This definition of “horocycle”

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“In hyperbolic geometry, a horocycle, sometimes called an oricycle, oricircle, or limit circle, is a curve whose normal or perpendicular geodesics all converge asymptotically in the same direction. It is the two-dimensional case of a horosphere.”

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Hyperbolical geometry describes a weird but possible space that cannot quite be ELI5’d but in that space directions are more “tightly packed” than usual: if you start drawing two parallel straight lines, they will diverge at a distance; area of a square is greater than pi*R^(2) etc. Turns out, in that space there’s a special kind of circles possible: they curve infinitely and have infinite length without ever reaching the starting point, their center lies infinitely far away. That’s what is called a horocycle.

I recommend trying a game called Hyperrogue to get a feel for hyperbolic geometry (it also has a TVTropes page). It can be downloaded for free on its website, and it specifically illustrates weird hyperbolic things like horocycles, some areas are based on them.

Horocycle is just a horosphere of a specific dimension.

In the upper half-space model of hyperbolic geometry any vertical line is a geodesic. All of those lines converge asymptotically to the unique “point at infinity” of this model. Any horizontal plane is perpendicular to any vertical line, therefore this plane along with “the point at infinity” is a horosphere.

In Poincaré model, for example, horospheres actually look like Euclidean spheres. If you pick a “point on the boundary” of this model, the circular arcs that are perpendicular to the boundary at that point are the geodesics of this model and the horospheres are spheres that are tangent to the boundary at that point.

Horocycles occur when you do geometry in the hyperbolic plane. The hyperbolic plane is a strange world that has many descriptions, but let say that it’s a curved surface with curvature equal to -1 at every point. (A sphere has curvature +1 at everypoint, A doughnut has variable curvature between +1 and -1, etc …). It’s not easy to make a drawing of an actual surface with constant curvature -1, so instead we draw maps of this hyperbolic plane to make sense of it (Imagine the equivalent of a world map : a curved surface that we project on a flat piece of paper).

Now, to illustrate the concept of horocycle on a [picture](https://en.wikipedia.org/wiki/File:Horocycle_normals.svg) :

The disk is our map of the entire hyperbolic plane. The hyperbolic plane itself is infinite, but we can visualize the entirety of it in that finite disk. So points that are represented on the outer circle of the map are actually not part of the hyperbolic plane, and are in a sense infinitely far away.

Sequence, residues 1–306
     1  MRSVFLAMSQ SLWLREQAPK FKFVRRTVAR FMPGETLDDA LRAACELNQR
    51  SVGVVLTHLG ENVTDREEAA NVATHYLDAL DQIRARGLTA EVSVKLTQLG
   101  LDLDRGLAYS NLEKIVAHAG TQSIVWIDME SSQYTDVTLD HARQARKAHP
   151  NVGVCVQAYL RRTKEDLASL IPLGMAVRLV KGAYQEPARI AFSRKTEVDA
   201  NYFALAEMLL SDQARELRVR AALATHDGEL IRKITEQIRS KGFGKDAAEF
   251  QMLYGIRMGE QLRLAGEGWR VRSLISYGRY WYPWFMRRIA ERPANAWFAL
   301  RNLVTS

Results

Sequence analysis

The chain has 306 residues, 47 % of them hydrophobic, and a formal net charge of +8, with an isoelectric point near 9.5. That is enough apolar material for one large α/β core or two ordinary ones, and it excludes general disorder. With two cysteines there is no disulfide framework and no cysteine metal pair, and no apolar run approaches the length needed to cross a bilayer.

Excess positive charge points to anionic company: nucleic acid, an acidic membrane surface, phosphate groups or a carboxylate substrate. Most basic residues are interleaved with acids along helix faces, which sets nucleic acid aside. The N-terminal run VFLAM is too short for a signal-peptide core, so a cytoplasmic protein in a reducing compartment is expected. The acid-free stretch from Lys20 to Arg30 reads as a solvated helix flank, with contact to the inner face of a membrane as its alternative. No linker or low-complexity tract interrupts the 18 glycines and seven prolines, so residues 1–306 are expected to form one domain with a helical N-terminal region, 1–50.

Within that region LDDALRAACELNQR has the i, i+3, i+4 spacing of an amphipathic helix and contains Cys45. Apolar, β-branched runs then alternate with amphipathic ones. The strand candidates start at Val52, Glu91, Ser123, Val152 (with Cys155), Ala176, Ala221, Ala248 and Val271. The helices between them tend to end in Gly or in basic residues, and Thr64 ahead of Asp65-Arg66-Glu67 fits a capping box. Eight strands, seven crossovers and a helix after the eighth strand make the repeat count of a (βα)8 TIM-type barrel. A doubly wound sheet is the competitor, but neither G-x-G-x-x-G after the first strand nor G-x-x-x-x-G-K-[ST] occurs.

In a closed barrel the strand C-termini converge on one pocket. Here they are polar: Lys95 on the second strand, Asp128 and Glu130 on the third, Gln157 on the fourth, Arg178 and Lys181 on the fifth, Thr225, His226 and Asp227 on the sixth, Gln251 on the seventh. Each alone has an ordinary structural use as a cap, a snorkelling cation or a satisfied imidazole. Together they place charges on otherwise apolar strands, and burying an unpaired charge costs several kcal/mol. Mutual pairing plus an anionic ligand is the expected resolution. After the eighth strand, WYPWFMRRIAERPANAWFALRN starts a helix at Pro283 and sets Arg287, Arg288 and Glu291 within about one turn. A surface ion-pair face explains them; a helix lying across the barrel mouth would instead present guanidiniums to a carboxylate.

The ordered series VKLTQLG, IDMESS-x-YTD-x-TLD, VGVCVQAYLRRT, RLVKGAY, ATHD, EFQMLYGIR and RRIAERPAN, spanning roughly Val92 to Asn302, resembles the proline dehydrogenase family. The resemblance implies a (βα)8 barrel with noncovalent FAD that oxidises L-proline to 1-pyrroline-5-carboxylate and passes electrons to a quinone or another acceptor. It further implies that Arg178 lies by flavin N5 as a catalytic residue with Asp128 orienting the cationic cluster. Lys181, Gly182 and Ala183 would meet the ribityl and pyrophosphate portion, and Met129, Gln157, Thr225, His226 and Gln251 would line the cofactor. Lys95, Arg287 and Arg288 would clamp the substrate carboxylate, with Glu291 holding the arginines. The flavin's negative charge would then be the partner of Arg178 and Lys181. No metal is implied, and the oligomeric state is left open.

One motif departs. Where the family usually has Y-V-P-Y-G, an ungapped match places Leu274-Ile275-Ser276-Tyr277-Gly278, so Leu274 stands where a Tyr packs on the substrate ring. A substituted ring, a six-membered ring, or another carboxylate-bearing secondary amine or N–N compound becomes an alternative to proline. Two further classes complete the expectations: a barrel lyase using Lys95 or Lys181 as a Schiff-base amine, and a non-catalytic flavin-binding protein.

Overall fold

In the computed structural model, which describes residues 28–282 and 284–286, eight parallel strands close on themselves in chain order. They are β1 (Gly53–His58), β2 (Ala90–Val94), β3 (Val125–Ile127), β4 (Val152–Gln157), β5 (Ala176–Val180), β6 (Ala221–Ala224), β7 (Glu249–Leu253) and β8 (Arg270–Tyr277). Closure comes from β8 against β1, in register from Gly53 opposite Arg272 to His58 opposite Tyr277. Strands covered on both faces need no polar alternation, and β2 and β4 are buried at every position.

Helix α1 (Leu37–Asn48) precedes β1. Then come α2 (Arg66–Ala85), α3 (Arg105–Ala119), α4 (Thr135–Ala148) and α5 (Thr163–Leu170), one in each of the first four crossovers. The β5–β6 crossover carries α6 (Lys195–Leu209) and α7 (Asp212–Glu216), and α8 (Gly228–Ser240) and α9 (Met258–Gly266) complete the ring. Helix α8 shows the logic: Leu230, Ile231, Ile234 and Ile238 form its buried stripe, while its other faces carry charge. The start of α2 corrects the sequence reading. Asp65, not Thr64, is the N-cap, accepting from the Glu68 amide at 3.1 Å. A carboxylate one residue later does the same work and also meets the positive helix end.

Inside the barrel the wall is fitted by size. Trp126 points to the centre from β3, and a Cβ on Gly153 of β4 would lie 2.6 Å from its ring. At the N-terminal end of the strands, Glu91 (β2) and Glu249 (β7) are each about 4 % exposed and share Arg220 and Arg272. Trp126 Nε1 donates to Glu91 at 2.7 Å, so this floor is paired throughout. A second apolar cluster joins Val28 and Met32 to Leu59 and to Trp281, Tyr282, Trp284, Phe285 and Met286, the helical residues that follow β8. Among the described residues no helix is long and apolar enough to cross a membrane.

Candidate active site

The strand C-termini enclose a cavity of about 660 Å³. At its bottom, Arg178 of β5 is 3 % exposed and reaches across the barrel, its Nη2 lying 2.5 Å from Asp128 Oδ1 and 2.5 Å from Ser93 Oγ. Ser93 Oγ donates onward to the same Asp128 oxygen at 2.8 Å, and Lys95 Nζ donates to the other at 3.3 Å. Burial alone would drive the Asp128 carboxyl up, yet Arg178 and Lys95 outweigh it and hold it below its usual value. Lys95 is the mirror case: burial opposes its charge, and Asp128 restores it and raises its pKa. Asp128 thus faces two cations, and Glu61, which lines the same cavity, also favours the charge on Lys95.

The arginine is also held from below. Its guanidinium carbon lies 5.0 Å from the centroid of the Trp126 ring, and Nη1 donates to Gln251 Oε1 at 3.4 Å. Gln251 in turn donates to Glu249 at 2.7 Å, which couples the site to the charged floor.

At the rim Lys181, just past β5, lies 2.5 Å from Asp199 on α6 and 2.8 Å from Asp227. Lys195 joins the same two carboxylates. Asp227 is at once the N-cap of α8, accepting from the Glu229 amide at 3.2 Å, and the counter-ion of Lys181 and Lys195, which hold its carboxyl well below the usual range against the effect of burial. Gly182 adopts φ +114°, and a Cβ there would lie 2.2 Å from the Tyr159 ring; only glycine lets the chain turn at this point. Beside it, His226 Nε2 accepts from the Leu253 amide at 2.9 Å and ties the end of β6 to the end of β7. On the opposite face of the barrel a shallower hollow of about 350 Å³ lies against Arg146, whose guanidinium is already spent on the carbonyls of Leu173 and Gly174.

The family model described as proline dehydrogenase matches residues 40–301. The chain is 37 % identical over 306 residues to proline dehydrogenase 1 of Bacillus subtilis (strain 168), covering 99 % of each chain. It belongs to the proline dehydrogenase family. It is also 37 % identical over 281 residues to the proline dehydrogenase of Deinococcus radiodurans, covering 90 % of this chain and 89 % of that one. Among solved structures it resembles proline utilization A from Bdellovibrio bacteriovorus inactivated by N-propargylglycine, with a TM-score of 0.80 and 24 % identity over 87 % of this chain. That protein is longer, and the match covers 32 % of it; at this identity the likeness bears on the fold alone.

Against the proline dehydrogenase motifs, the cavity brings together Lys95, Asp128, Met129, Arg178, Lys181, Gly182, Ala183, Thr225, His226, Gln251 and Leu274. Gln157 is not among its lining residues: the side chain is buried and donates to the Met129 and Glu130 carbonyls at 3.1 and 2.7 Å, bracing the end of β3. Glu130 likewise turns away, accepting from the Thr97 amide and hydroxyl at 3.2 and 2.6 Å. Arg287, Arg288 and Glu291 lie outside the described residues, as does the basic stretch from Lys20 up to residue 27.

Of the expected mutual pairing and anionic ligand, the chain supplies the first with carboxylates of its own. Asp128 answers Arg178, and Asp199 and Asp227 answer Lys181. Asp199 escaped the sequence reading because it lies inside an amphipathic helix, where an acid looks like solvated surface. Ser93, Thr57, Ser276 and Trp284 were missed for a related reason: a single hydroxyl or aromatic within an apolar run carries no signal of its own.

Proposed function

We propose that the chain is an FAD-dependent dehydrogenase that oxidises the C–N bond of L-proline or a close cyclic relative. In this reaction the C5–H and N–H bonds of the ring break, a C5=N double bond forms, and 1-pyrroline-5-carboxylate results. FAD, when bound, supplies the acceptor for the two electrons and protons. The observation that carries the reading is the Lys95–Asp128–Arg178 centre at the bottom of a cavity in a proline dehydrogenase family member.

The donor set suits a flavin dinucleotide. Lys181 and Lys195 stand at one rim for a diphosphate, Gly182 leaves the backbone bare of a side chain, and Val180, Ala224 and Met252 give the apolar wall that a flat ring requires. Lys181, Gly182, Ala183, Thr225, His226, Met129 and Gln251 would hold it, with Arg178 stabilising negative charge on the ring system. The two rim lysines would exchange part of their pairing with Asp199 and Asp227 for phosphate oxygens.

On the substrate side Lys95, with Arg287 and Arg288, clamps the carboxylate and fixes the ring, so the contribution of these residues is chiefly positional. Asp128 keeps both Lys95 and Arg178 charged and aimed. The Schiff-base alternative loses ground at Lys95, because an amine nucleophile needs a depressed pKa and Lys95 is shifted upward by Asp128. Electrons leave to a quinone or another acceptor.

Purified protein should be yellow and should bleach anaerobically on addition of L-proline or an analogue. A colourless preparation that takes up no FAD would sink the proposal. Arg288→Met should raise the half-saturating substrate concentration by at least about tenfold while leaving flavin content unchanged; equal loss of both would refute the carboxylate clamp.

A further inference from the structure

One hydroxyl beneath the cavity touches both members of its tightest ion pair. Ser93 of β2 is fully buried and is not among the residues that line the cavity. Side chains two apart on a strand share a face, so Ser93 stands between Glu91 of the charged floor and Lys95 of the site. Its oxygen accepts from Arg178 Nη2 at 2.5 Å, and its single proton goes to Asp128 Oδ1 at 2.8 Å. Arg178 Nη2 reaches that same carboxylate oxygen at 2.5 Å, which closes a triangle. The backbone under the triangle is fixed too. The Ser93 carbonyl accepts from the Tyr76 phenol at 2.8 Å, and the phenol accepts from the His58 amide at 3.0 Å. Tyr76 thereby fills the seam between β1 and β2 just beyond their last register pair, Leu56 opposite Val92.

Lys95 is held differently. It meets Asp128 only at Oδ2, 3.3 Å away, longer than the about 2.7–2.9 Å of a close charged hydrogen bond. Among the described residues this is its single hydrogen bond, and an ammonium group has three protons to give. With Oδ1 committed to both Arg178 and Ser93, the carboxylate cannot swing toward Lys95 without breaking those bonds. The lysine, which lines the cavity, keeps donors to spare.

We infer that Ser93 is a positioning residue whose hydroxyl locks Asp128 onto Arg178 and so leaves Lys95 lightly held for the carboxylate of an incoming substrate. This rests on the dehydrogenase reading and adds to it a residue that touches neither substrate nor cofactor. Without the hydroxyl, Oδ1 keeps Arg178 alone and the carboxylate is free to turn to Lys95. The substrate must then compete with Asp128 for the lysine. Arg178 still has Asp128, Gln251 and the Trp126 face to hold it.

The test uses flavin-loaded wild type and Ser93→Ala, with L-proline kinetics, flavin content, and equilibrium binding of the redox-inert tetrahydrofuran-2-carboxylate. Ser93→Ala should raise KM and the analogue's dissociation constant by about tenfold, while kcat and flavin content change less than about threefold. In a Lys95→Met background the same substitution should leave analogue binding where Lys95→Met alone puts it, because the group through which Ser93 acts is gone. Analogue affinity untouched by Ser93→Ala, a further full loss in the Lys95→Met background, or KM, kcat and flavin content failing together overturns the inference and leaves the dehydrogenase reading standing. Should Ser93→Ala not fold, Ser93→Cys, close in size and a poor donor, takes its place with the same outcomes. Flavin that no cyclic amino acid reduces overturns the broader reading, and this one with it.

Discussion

The red lines are the so-called geodesics. Geodesics are the shortest paths between points. In usual geometry, the geodesics are just straight lines and that’s how you should think about them. It’s the paths that you would follow at the surface of the object if you are not turning left on right. But when we visualize geodesics on a map of a curved surface, they may appear curved (the same is true for any world map. The trajectory of an airplane from Paris to New-York will not be reepresented by the straight line on the map). So the red lines appear curved in that particular map of the hyperbolic plane, but they are actually the “straight lines” of hyperbolic geometry.

In that picture, all the drawn red lines are “converging asymptotically”. What that mean is that all the red lines appear to meet at a single point which is on the outer circle. But remember, the outer circle is not actually a part of the hyperbolic plane, but represent a point at infinity. So these geodesics actually never meet in the hyperbolic plane.

Now, the blue circle represent a curve in the hyperbolic plane. This curve is neither a geodesic nor a circle in the hyperbolic geometry. It’s something else, something intermediate, that has the following property : at any point of this blue circle, if you start perpendicular to that circle (the notion of perpendicular makes sense in the hyperbolic plane) and follow the geodesic in that direction, you will always arrive at the same point. Any curve with that specific property will look similar, and will be represented on the map as a circle that touches the outer circle of the map in just one point. That’s what a horocyle is.